"That was probably the toughest time in my life, when I was not able to know where my sister was - and knowing later on that she was being tortured and sexually harassed in secret facilities by Saudi officials," said Walid, who is based in Canada.

Saud al-Qahtani, a top aide to bin Salman who is believed to have led the plot to kill Khashoggi, personally oversaw the abuse against Loujain, her brother added.

He said the torture served no other purpose than sadism, as it wasn't part of an interrogation to extract information from Loujain.

Speaking out

Walid is not the only Saudi citizen to speak out against the abuses faced by loved ones who have been imprisoned by the Saudi authorities.

Malak al-Shehri's husband, Ayman al-Drees, was arrested along with 14 others last month in Saudi Arabia.

At the event in Washington on Thursday, Shehri said she still doesn't know why Drees was detained.

While her husband and the other recent arrestees all were supporters of women's rights, Shehri said they were not particularly vocal with their activism. "They all kept quiet. They didn't speak. They didn't even participate on their Twitter accounts," she said.

Activists at the hearing (MEE)
Activists testified before the Tom Lantos Human Rights Commission on Thursday (MEE/Ali Harb)

The only other thing the detainees had in common was their personal ties to Mohammed al-Rabea, a women's rights activist who was arrested last year.

"I don't think being quiet will do anything good for them... I know those people don't want to be forgotten, so that's why I'm talking on their behalf," Shehri said.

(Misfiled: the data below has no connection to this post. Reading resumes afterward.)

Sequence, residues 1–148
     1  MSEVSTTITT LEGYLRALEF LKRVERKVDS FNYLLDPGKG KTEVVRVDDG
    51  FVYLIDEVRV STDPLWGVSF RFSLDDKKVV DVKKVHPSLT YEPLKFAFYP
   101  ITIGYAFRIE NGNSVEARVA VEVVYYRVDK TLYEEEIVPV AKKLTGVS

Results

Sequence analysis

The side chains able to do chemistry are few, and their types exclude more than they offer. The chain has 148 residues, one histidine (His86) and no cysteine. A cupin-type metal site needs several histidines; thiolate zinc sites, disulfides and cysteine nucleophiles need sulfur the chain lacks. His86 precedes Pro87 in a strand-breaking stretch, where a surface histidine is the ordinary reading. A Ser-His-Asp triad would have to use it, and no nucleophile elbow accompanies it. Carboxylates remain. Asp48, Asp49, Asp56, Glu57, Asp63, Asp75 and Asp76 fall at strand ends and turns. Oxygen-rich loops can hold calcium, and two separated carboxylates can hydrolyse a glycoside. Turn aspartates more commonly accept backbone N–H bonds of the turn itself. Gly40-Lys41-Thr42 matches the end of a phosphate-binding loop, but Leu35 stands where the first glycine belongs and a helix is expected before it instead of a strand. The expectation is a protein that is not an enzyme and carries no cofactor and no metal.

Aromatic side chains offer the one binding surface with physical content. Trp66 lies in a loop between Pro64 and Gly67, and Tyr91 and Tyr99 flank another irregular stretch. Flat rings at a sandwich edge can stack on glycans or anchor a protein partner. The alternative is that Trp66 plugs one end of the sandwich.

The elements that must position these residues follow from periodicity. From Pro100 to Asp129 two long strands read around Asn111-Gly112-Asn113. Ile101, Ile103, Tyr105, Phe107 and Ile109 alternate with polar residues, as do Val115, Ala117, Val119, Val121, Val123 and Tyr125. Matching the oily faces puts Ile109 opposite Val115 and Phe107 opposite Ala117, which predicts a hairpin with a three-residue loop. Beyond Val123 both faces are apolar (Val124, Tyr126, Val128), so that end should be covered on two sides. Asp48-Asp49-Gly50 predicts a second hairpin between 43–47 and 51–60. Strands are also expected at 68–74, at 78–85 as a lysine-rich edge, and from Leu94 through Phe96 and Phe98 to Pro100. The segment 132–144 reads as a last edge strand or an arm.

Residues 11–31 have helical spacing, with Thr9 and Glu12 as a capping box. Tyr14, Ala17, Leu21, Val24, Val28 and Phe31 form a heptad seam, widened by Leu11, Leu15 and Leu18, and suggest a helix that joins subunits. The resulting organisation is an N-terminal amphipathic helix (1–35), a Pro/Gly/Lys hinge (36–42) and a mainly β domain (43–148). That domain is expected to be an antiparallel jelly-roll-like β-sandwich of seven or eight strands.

Drees's arrest preceded the execution of 36 activists in late April, only months after Riyadh was widely condemned for the gruesome killing of Khashoggi.

"They're testing the boundaries again and again," said Omaima al-Najjar, a Saudi blogger who lives in exile in Italy, about the Saudi leadership.

"I believe it's time to hold Saudi Arabia accountable for the crimes they've committed."

'The very minimum the Trump administration can do is to stop its vice signalling, if it can't bear to virtue signal'

- Sarah Leah Whitson, HRW

But despite growing calls for Saudi Arabia to be held accountable, US President Donald Trump has continued to express support for bin Salman, citing political and business interests between Washington and Riyadh.

Sarah Leah Whitson, Middle East director of Human Rights Watch, said the Trump administration's close ties to the Saudis encourage the kingdom's abuses.

In fact, she said the White House's behaviour is telling Saudi Arabia's rulers that the US will stand by them "no matter how lawless and sadistic their actions".

The US president has not only failed to condemn Saudi leaders but has repeatedly gone out of his way to praise them.

In November 2017, when MBS embarked on a massive crackdown on dissent, locking up dozens of royals and businessmen, Trump publicly endorsed his efforts.

"The very minimum the Trump administration can do," Whitson said, "is to stop its vice signalling, if it can't bear to virtue signal."